Manic Miner

Time for text.

6031769 is a sequence of numbers etched on to the inner thought waves of every Spectrum users crania, involuntarily regurgitated at the mere mention of Mathew Smith's stunning Miner 2049'er inspired game Manic Miner. Rumoured to be his driving licence number, this code opens up numerous cheats in Bug Byte's version of the game; some would say the only way to get through the twenty levels of psychedelic platform mayhem.

Manic Miner sees the player take Miner Willy on a perilous journey through the bizarre and incredulous mind of Smith where killer penguins, evil snapping toilets and mutant telephones from hell are the norm. A rhythmic looping rendition of In the Hall of the Mountain King inadvertently helps the player in making split timed jumps across impossible looking ravines to collect keys that open up the portal to the next level.

As the levels become progressively difficult to navigate, beads of sweat form on the forehead of the player whose face becomes contorted with painful concentration and urgency. One more key and the next level beckons. A miss-timed jump sees Willy fall short of the last ledge and plummet towards his death, losing his last game playing life. A flash of the screen, a screech of static thrust out of the Spectrum's mono-speaker (that if amplified induces a missed heart beat) and Willy is dead once again.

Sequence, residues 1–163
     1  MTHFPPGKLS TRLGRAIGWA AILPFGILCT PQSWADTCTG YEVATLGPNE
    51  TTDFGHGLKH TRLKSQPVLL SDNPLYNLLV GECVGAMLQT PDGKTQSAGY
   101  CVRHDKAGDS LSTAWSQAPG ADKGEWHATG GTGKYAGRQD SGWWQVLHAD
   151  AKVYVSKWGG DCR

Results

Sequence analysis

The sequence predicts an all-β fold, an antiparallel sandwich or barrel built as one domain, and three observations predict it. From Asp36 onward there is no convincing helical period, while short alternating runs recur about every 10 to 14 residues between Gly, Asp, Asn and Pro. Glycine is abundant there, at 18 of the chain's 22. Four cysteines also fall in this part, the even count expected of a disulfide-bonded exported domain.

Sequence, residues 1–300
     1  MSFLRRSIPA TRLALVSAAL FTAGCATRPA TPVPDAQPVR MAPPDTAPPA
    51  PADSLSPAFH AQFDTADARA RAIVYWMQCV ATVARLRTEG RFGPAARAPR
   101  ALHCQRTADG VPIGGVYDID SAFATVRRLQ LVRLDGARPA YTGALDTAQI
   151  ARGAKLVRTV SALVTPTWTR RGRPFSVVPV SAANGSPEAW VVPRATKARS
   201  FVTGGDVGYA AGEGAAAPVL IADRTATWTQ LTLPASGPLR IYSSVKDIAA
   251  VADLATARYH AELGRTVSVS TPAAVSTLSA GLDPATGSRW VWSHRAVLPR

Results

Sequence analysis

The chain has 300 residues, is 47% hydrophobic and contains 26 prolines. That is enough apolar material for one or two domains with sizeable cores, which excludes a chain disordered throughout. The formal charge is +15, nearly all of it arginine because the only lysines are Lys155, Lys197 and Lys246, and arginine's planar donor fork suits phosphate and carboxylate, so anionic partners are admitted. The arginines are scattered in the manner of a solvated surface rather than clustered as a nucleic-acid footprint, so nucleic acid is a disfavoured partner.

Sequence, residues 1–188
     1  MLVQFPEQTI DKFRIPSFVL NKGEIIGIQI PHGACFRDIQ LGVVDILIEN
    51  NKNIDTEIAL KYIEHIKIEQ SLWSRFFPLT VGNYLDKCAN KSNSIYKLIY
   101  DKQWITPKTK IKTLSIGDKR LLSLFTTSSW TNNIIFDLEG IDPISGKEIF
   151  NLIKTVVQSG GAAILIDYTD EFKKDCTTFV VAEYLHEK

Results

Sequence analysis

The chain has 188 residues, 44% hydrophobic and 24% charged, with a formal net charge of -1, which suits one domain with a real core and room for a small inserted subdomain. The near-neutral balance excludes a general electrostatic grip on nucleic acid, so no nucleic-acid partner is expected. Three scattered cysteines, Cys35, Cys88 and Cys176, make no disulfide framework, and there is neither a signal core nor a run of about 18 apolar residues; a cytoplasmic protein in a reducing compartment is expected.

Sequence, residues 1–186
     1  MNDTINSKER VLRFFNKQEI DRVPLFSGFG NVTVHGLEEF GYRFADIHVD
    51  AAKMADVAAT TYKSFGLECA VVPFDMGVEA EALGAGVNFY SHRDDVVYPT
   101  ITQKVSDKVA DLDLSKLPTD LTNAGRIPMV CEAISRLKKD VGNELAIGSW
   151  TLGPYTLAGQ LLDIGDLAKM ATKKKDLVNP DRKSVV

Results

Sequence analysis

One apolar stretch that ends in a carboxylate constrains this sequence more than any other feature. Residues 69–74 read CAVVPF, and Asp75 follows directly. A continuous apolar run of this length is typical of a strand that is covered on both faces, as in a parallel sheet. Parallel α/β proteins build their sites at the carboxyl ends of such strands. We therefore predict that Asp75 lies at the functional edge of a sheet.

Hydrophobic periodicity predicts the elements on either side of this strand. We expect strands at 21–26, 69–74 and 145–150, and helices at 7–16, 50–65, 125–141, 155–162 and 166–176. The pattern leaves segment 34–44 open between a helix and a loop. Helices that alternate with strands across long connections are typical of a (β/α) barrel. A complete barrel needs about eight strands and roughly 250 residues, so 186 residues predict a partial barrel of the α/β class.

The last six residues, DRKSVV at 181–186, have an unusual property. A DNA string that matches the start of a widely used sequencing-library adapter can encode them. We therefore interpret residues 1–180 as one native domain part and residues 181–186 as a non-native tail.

Curses and expletives abound, but never does the player blame the game for being unfair as the responsibility of Willy's death lies firmly with them. After the Pythonesque foot of doom squishes poor Willy, rubbing further salt into the wounds of failure, Blue Danube is blurted out in one channel Spectrum greatness as the player reflects where it all went wrong. Then it's back to level 1 for another go.

Manic Miner is the grandfather of pure, platform perfection on the Spectrum that has been mimicked, blatantly copied but never bettered. A land mark title that made Mathew Smith an overnight star.

8 /10

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Chris Wilkins

Chris Wilkins



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